Thursday, July 18, 2024

Embedding Batteries On A Chip For Greater Miniaturization

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Researchers explored the possibility of embedding microbatteries directly into sensor circuitry, providing a built-in power source instead of an external one.

Newer applications like fitness trackers and wireless sensor networks call for compact devices with high energy-density batteries. Batteries occupy the most space in devices like these, and thus high-capacity microbatteries are needed to power these devices, while still maintaining compactness.

These systems, moreover, rely on small sensors already numbering in the hundreds of billions. The sensors measure changing conditions and report the data electronically. These sensors are powered by ultra-small batteries. As the pace of miniaturization and its applications accelerates, so does the need for ever-smaller sensor batteries that can last a lifetime.

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Kristofer Pister, professor of electrical engineering and computer science at University of California, Berkeley, leads the research on embedding microbatteries (about the thickness of three sheets of paper) directly into sensor circuitry, providing a built-in power source instead of an external one. This approach allows for more compact circuit boards to make the sensor, microprocessor and battery all one unit that can speak to the internet.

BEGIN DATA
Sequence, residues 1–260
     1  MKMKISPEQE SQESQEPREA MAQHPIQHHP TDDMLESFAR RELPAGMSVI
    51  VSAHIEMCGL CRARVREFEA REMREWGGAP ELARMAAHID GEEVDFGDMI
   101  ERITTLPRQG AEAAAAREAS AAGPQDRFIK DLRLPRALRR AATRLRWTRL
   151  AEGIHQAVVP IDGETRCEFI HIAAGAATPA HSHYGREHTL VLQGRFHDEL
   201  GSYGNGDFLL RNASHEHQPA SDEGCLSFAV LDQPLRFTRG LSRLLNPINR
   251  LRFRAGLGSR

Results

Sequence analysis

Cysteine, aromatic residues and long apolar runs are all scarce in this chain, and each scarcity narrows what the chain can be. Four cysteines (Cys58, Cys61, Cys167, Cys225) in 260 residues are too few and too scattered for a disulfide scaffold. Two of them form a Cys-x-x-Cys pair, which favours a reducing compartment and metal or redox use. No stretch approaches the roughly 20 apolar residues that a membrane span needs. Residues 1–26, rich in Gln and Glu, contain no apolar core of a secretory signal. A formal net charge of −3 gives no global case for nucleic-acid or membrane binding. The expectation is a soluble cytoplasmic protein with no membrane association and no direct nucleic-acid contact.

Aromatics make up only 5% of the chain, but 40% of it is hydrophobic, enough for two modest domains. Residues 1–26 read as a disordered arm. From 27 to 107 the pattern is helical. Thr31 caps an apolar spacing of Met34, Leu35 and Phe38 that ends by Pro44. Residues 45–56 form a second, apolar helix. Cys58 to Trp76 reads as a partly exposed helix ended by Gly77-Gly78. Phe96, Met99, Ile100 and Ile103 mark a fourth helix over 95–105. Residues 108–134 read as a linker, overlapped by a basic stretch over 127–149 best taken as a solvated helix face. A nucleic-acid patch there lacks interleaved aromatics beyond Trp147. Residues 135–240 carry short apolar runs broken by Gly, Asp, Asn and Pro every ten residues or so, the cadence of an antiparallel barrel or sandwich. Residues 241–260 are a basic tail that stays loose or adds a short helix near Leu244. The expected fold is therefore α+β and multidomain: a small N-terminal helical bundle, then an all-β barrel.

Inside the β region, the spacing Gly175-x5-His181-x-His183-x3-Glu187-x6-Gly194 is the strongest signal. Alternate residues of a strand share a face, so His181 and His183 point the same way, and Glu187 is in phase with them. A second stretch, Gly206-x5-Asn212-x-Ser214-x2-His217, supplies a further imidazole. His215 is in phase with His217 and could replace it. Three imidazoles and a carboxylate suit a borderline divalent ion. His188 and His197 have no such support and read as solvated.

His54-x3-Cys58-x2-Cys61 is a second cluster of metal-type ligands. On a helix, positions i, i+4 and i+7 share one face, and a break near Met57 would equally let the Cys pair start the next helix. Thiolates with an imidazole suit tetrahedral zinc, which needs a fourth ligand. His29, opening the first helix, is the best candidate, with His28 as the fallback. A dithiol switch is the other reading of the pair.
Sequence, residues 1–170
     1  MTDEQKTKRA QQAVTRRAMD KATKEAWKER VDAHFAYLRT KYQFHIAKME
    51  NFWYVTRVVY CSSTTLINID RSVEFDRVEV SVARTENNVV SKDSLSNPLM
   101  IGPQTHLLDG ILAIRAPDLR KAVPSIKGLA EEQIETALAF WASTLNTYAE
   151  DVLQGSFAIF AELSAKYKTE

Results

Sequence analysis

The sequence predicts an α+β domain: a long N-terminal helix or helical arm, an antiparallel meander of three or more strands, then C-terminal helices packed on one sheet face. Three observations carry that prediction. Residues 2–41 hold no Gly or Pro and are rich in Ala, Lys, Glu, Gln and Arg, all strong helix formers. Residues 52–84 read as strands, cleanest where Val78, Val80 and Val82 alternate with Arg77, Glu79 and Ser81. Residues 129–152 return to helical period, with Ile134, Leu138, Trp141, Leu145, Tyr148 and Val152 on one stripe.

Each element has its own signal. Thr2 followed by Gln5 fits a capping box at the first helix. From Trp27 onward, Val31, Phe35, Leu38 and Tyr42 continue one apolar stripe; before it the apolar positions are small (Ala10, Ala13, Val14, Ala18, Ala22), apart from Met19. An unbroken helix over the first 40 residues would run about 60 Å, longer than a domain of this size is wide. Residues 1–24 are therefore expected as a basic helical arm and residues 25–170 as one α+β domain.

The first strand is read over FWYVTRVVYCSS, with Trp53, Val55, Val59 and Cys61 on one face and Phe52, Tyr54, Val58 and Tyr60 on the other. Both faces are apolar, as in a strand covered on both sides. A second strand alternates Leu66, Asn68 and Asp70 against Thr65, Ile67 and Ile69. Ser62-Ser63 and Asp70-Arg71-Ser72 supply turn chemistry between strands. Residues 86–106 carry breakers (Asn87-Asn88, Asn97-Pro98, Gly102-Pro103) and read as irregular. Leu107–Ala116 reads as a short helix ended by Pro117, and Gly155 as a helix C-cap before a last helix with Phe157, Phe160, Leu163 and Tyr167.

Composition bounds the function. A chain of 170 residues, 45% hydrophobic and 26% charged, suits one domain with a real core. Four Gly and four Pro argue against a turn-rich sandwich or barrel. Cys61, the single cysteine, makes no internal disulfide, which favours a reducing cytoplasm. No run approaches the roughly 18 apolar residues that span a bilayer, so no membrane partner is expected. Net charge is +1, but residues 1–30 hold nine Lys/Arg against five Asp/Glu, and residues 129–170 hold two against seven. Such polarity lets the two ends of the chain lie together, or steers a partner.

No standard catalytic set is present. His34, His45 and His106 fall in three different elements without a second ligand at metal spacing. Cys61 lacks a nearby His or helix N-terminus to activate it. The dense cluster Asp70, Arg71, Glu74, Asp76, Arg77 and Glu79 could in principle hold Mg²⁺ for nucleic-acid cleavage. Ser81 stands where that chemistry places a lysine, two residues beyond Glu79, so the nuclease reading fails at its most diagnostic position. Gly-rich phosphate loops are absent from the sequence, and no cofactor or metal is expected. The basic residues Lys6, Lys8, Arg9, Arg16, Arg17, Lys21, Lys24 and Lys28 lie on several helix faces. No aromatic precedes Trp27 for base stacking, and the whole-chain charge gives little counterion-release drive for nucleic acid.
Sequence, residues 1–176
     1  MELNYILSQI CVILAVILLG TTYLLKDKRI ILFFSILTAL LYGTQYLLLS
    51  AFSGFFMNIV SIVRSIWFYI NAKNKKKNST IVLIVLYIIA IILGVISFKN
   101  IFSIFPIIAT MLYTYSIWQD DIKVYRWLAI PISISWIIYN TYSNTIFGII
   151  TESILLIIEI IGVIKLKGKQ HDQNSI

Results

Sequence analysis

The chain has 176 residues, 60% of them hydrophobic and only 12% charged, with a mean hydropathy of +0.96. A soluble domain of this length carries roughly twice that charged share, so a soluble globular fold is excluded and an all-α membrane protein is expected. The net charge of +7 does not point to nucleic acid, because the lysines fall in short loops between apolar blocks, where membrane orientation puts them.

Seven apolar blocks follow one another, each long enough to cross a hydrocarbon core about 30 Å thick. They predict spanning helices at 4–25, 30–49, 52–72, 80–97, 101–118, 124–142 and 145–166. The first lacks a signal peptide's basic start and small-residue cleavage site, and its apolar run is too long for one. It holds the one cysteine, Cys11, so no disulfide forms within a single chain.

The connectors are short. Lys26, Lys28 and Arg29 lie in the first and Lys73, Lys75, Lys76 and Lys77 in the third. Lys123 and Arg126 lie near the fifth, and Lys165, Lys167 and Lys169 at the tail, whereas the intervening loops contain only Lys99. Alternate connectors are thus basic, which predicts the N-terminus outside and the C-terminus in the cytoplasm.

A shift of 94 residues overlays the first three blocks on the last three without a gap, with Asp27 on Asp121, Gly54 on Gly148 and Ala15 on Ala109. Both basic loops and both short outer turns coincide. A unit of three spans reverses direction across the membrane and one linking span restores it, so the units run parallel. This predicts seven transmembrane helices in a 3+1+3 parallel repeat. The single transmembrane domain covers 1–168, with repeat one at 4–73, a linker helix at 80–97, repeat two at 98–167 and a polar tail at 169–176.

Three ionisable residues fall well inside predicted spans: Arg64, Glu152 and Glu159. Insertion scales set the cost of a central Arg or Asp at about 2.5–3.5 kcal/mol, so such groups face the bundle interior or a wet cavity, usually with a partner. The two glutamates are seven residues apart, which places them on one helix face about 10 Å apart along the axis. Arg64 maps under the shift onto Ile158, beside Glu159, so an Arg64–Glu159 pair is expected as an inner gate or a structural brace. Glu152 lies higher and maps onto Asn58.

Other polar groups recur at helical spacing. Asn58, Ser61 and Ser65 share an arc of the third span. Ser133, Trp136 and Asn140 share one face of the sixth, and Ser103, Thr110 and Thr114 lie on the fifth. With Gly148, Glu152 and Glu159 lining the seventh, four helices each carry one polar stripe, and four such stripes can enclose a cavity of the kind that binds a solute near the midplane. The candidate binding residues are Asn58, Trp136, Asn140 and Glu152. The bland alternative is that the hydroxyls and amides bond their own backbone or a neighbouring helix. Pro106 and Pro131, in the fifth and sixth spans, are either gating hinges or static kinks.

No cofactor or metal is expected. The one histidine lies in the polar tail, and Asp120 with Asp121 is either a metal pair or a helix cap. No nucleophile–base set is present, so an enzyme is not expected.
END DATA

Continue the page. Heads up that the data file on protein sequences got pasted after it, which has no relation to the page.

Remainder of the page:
Pister says, “The number one requirement for batteries is connectivity. You have to get the data back to where it needs to go. And you need to do it reliably. The microbatteries we are developing pack a lot of power into a smaller package. They’re also lighter than current batteries and cheaper to produce. Manufacturing them uses the same fabrication and circuit printing technology already used to make trillions of chips.”

The circuit is stencil printed on silicon wafer, which is a similar process as making screen-printed t-shirts.

Pister says, “They would work very well for wearables, where comfort and appearance are important. As just one example, they are a natural for applications like smart bandages to monitor wound healing by assessing the healing process of the wound environment. We think this batteries-in-a chip design will be part of devices in the full range of commercial spaces.”



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